The Common Man is not new but has a new approach. When the Sugarbush classic closed the doors to its 19th century barn last spring—many feared it was for good. “I think we just needed to rethink things,” says owner Lorien Wroten. Over the summer, she and her husband, chef Adam Longworth, began serving special pop-up eight-course dinners in the closed restaurant. “This gave Adam the chance to be creative and make special meals for small groups,” she explains. Longworth, who studied under Alfred Portale at New York’s Gotham Bar and Grill, got his groove back—so to speak. This winter the restaurant is open again but Longworth will also be doing intimate “I-8” dinners (8 courses, $80 dollars).
In a similar vein, Pittsfield’s The Backroom, which The New York Times called “the coolest dining room in New England,” is also back after closing for the summer and Mendon’s Red Clover (which was named Restaurateur of the Year in 2015) has planned its monthly First Friday wine dinners for Dec. 2 and January 6.
Over in Woodstock, the Lincoln Inn has opened up the private dining room Paul Newman used to reserve as “The Chef’s Table.” There, chef Jevgenija Saromova, who has cooked in Michelin-starred restaurants around Europe, is serving up some incredible 7- to 12-course dinners (for $145 to $195 per person). “We wanted to be a ‘restaurant with rooms,’ a destination where people can come and have an amazing meal and then spend the night,” says Saromova’s partner Mara Mehlman, who moved here from England and bought the inn in 2014. The menu changes each night but promises to be something exquisite.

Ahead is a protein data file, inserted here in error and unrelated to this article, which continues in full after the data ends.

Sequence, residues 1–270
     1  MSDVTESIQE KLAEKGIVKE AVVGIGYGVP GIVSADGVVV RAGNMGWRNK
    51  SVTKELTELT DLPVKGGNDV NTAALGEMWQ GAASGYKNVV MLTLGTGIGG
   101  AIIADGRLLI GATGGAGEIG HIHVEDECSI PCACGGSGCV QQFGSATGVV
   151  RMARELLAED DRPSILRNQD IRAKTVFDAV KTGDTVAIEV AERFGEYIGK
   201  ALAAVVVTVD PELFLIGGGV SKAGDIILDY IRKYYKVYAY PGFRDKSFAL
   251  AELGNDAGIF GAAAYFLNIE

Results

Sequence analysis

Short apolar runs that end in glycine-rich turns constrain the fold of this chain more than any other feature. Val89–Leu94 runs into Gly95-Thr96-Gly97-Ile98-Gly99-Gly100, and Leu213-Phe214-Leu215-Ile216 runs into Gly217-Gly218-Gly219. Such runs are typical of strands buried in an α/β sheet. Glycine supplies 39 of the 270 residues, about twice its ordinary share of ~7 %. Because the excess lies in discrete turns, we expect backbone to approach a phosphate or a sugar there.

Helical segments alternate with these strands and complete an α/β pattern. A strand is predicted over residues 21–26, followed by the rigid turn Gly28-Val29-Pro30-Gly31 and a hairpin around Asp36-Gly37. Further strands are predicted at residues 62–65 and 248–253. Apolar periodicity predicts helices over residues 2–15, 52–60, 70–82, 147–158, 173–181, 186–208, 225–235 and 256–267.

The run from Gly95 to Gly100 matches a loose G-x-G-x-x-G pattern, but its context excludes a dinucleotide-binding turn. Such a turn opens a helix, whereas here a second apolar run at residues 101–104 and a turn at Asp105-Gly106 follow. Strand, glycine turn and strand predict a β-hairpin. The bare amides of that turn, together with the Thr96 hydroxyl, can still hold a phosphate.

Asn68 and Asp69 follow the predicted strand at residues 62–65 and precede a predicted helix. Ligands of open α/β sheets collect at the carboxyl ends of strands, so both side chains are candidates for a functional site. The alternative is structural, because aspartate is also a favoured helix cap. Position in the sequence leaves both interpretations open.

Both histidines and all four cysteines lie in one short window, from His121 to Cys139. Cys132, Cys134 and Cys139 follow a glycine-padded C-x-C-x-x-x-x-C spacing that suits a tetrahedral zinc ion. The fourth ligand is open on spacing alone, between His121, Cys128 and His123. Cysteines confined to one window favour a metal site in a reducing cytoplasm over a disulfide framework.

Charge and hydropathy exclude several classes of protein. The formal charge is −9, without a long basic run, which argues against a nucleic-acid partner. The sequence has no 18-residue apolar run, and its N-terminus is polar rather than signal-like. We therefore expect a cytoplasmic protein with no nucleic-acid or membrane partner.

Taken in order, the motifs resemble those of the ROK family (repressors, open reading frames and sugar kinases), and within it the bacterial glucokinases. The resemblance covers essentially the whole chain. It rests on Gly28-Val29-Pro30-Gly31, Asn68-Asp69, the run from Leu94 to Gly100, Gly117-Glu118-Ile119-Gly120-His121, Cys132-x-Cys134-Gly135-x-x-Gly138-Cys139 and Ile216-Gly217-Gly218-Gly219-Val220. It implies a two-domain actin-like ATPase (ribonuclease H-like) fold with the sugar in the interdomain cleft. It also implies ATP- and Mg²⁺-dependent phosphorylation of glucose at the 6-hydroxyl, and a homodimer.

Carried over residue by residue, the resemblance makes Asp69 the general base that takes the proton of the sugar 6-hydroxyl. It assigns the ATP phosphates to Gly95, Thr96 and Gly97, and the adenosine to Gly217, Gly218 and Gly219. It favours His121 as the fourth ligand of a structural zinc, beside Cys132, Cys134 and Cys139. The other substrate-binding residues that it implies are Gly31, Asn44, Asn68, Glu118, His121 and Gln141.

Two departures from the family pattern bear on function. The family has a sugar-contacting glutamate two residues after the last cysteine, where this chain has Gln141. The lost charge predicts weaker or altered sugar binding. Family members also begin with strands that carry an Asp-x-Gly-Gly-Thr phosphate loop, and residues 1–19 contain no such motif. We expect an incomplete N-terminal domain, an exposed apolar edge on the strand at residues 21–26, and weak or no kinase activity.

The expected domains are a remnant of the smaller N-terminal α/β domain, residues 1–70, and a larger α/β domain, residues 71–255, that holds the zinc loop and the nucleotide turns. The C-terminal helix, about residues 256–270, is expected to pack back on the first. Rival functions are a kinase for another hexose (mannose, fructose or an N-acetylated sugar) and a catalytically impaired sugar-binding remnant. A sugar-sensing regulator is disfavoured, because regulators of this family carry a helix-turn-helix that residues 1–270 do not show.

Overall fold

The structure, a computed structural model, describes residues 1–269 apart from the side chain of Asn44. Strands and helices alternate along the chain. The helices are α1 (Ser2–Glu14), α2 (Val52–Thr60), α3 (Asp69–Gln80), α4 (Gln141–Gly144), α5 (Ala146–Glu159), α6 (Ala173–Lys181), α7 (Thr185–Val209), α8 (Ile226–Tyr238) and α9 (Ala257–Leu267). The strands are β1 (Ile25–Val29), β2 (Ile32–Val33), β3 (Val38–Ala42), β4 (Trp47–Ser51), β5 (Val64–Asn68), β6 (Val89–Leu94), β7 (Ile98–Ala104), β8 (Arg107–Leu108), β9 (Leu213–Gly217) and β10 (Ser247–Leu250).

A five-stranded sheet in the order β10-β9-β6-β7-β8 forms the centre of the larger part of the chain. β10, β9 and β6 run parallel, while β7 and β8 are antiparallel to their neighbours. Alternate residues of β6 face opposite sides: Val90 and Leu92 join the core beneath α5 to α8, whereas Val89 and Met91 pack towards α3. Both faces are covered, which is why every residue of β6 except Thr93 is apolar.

Another classic inn that came back last season (it opened in fall of 2015) is the Four Columns Inn in Newfane. In its previous incarnation, the classic 1832 Federal-style building allegedly hosted Sting, Michael Douglas and Mick Jagger. It closed in 2013. Since its reopening and renovations by hotelier Charles Mallory, it’s been completely renovated and the dinner menu includes dishes such as Citizen Cider Chicken Liver Mousse, handmade pastas and local grass-fed beef.
Noodle soups are a thing now at ski resorts. Karma, an Asian-fusion restaurant moves into the village at Stratton with ramen bowls and “craft cocktails with a twist, like vodka filtered through Herkimer diamonds for a side of positive energy,” a release states. Hmmm….
Last, if you are coming to or leaving ski country there are two new places that are well worth a stop. In White River Junction, Piecemeal Pies is far more than its name implies. Chef Justin Barret, who trained at the Michelin-starred The Spotted Pig in New York, creates savory pies such as rabbit and bacon or curried vegetables, and serves them with a small menu at either a communal table or counter.
If you are coming through Manchester take note: Fortuna Sausage, the Rhode Island sausage maker that has been written up in The Wall Street Journal, Los Angeles Times and numerous other publications, relocated to Vermont. It opened on Nov. 12 on Main Street in Manchester Center. The hand-made dry-cured sausages and dried meats have been repeatedly called some of the best in America.